A paradigm shift has taken place in our ideology about most things in our life, especially “wants” verses “needs.” The effect has been more than noticeable.  Downsizing from 2000 sq ft home to 300 sq ft bus has been quite the process. I would say especially for our children, ages 17 and 12. (girl and a boy) They share a 7 x 71/2 bunk room and each have 4 drawers and shared closet. We left in a bus that was unfinished and have been building it on the road. The first year we had no plumbing, but somehow found plenty of toilets to use. I will say, however, that when the plumbing was finally installed we celebrated.

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Our living quarters 2011
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Our finished living quarters 2013

Through this process our family has grown tremendously closer. We live in a small space and the four of us are together 24/7 so it’s obvious when the harmony is off. We respect each others space and process but the commitment to finding that harmony again moves much quicker than when we used to live in a large home, all going our different directions.

We’ve also found a deeper connection with our music, performing over 90 shows a year, writing new material, and having other musicians travel/tour with us. It’s proving to be a very good education for us all.

I’m not sure our pace is much slower than our former lifestyle, but it is much more purposeful. Over the past two years we have traveled to 32 states and all but a handful of nights were spent parked with “host” families.  We’ve connected with most, if not all of the ‘host” families through our social media networks or from referrals from friends. Those times when we did not find a host family or needed time to ourselves we stayed at State Parks or RV Parks.

Our greatest joy on this journey has been being invited into the lives of so many families, to share in community and see all sorts of different ways to do life, from carnivores to vegans, Republicans, Democrats, Anarchists and everything in-between, a plethora of religious ideals to those who claim no faith.  We’ve had the opportunity to try all sorts of foods, music, sports, outdoors activities, etc… We’ve been invited to share sacred space, learn new customs and rituals, and have heard stories of trials, pain, betrayal, hope, joy and faith.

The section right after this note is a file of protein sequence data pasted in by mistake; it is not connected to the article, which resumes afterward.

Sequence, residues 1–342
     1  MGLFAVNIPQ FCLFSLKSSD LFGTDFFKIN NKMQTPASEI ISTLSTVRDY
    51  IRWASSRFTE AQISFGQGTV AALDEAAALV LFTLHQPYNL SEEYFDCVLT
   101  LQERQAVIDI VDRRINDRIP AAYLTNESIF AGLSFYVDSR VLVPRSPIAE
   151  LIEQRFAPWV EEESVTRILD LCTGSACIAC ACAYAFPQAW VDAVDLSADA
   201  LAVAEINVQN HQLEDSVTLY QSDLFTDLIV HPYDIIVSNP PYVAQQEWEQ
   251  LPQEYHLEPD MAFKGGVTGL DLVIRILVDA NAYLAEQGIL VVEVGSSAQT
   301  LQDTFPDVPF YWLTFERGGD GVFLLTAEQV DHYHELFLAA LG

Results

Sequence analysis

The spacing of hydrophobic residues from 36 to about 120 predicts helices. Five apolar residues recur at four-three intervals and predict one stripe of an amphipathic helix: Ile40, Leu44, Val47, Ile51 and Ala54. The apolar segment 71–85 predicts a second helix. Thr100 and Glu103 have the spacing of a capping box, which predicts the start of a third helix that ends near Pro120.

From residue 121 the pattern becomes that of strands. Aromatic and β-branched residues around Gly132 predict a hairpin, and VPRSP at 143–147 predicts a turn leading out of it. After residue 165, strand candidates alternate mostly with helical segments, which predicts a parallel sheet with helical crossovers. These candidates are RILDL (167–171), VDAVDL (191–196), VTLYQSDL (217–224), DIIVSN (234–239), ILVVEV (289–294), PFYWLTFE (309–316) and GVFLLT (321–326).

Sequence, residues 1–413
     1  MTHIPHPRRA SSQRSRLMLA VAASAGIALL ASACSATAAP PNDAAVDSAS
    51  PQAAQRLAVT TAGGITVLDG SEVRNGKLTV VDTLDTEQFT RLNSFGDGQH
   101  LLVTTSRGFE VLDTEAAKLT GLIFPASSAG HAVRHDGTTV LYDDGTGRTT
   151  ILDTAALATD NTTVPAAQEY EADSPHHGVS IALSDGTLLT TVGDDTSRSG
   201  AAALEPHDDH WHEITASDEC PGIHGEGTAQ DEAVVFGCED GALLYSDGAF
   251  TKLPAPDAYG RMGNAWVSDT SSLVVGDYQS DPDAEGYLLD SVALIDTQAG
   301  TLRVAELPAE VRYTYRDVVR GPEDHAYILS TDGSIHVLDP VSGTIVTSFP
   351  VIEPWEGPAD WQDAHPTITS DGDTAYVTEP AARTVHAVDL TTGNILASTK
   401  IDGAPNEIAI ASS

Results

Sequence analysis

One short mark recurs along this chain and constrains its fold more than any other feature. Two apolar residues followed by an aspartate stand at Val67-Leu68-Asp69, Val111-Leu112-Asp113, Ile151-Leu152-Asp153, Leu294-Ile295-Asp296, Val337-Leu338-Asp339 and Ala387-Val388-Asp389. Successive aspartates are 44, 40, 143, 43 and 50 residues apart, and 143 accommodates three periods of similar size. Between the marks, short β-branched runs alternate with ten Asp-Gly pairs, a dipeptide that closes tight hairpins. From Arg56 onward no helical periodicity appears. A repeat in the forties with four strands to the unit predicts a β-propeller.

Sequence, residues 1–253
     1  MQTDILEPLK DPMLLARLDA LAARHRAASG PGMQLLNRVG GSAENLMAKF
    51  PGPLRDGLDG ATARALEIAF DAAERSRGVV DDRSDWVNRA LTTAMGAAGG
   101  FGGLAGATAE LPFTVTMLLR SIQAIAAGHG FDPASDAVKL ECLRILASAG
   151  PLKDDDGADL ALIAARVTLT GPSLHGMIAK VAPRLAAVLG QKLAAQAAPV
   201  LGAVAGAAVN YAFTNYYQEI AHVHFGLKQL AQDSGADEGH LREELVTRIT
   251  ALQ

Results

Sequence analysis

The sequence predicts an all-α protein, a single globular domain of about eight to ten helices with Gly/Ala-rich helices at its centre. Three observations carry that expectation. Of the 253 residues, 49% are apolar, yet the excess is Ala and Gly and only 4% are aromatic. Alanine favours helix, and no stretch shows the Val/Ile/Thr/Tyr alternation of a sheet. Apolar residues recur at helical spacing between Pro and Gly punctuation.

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What does a normal day look like for you?

It looks different every single day. There is no normal.

What advice would you give to the beginner full time traveler or RVer?

If you are a family, the most important thing we could advise is to move forward with purpose. Discuss as a family what your hope is in traveling, are you looking for the crux to be educational, service, rest, exploration, tourist, or a combination of those. Revisit that conversation regularly. Dialog about your strengths and weakness as individuals and as a family whole, decide to use those strengths for the greater good, lift each other up in your weakness and be open to the entering the unknown. Be open to moving upstream.

Please visit FLORIDA OUTDOOR RV for more fantastic stories of FULL TIMERS.

Two Years Baby!

Today marks our two-year anniversary of nomadic life. Thinking about all of the individuals and families that helped to make all of this happen. Those at the very beginning and those we continue to meet along the way.

When we pulled out of Green Bay, Wisconsin we had our couch, dinette and bed built, the rest of our belongings were in boxes on the floor of the bus. We had $1800 in our pockets and our first week on the road we trekked over 2000 miles to Sisters, OR. We arrived with only two hundred dollars left in our pocket and wondered what in the world we were going to do.

Little did we know that there was a community and purpose waiting for us!  We spent three months in that community finding our legs and experiencing a massive shift in our thinking about life, purpose, humanity and God.

Every single thing that has been built on the bus has a story that involves donated or refurbished materials and/or kinfolk offering a helping hand. Story upon story, layer upon layer of community, beauty and worth.

Today we don’t celebrate our efforts but we celebrate all of those who have persevered and come along side of us through this journey.

We celebrate those who have hosted us in their driveways, allowed us to use showers, laundry and space.

We thank those who have allowed us to invade their lives, shared story, community and meals.

We thank those who have graciously offered us the cash in their pockets to help us with gas, repairs, and groceries.

We celebrate those who have invited us into the fold, those who have trusted us to lead them in sacred space.

We thank friends who continue to hold us accountable, challenge and encourage us in our marriage, family and faith.

We thank the youth we have met along the way, that open their hearts to our children, that inviting them into their lives, sharing the experiences of football games, dances, going to movies, parties, and staying in touch with them when we leave.